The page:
“Randy was telling me a story the other day,” Falwell said, now seated at a long conference table surrounded by four of his top lieutenants, including McCaw. “He ran into Dad somewhere and asked him about — don’t you get upset about all this bad press? What did he say?”

Randy Smith, Liberty’s chief operating officer seated at Falwell’s left, smiled. “He said there’s no such thing as bad press.”

Falwell nodded, finishing the story as he also will occasionally do.

“He said: You think anybody would pay any attention to this place if I didn’t say controversial things?”

He paused as the laughter faded. “I think it’s good to be different,” Falwell said.

He said Liberty’s uniqueness and willingness to take risks are reasons it makes almost more money than it can spend: Smith said the school pulls in about $1 billion annually, and with a $250 million surplus, the nonprofit can barely build new structures quickly enough. But as quickly as it has grown, Liberty athletics have nonetheless been left out of the NCAA’s Football Bowl Subdivision, the top tier for any program’s most high-profile sport. Falwell, envisioning his school as the evangelical Notre Dame, doesn’t like this.

And so when McCaw resigned from Baylor, Liberty saw a chance to bring in an administrator who could shepherd the Flames toward the big leagues.

Smith, the school’s COO, said the university retained a Boston law firm to vet McCaw. Falwell said he spoke with several Baylor regents, each of whom insisted McCaw’s role in the scandal had been overblown. Falwell now believes McCaw was “blameless,” just a scapegoat in an organizational failure.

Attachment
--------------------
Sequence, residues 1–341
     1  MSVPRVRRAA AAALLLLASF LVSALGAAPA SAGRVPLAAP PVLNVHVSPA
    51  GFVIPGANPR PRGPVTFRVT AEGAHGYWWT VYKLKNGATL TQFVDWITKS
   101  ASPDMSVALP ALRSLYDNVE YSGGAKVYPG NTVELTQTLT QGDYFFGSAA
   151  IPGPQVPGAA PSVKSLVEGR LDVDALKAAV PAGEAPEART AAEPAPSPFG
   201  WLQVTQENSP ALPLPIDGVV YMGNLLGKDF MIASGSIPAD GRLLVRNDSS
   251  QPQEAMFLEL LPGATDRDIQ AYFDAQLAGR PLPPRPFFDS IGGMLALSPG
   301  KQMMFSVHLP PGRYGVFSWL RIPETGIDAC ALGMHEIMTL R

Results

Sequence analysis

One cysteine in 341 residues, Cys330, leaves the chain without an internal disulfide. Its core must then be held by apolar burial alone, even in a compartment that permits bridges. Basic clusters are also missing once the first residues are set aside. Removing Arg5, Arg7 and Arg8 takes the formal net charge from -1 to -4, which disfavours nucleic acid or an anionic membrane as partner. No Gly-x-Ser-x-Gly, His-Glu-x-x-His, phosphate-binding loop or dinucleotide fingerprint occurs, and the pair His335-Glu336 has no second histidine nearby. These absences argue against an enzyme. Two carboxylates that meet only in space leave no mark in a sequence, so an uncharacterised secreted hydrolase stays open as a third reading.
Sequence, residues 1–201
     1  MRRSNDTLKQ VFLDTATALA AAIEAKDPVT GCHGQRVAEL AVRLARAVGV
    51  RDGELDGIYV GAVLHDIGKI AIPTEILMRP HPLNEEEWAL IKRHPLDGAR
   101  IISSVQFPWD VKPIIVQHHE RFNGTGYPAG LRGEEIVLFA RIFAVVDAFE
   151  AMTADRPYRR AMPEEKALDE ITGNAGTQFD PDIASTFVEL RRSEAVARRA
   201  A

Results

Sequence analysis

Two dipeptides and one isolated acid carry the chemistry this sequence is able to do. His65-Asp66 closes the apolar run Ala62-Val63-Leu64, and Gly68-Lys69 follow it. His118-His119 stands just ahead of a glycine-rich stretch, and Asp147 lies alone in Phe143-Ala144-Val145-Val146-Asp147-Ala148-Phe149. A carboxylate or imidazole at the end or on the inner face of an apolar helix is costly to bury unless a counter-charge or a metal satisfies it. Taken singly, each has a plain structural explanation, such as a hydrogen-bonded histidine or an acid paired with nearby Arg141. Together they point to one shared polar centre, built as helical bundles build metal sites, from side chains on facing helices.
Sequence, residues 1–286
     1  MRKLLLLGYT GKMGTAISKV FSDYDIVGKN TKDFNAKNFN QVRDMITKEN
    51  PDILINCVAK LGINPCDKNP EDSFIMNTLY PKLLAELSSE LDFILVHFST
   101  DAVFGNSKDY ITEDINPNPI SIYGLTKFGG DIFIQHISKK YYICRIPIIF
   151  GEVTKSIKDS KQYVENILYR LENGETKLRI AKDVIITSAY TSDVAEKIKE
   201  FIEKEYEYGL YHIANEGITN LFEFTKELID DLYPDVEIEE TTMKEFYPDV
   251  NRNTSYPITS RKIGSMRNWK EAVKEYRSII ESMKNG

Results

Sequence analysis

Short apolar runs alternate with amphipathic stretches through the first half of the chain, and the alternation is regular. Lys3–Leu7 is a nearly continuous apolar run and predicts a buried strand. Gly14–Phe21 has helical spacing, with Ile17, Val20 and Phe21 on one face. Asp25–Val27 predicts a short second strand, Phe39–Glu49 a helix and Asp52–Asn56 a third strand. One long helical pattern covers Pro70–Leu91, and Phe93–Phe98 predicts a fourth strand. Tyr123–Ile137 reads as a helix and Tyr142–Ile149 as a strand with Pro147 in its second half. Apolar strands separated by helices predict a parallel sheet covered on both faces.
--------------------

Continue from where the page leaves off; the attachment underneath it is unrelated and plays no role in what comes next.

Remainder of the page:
Falwell met with McCaw off-campus Oct. 29 and later said he asked McCaw pointed questions about the scandal. Neither Falwell nor McCaw would reveal details about the conversation, but regardless, Falwell was convinced: McCaw, a talented administrator and a Christian, was Liberty’s man. Barber resigned three weeks later, 11 days before McCaw was introduced.

But given the enthusiasm and fit, was McCaw actually clean? Or was he simply clean enough?

“I would say to anybody who’s charging him,” Smith said, “who’s accusing him of being anything other than an honorable man . . .”

Falwell chimed in, speaking between breaks in Smith’s words.

“Nothing,” he said. “Show us.”

“Tell me one sanction,” Smith continued, “tell me one charge. . .”

“Show us what he did,” Falwell said.

“One anything.”

“And they can’t,” Falwell said.

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SOURCE: The Washington Post
Kent Babb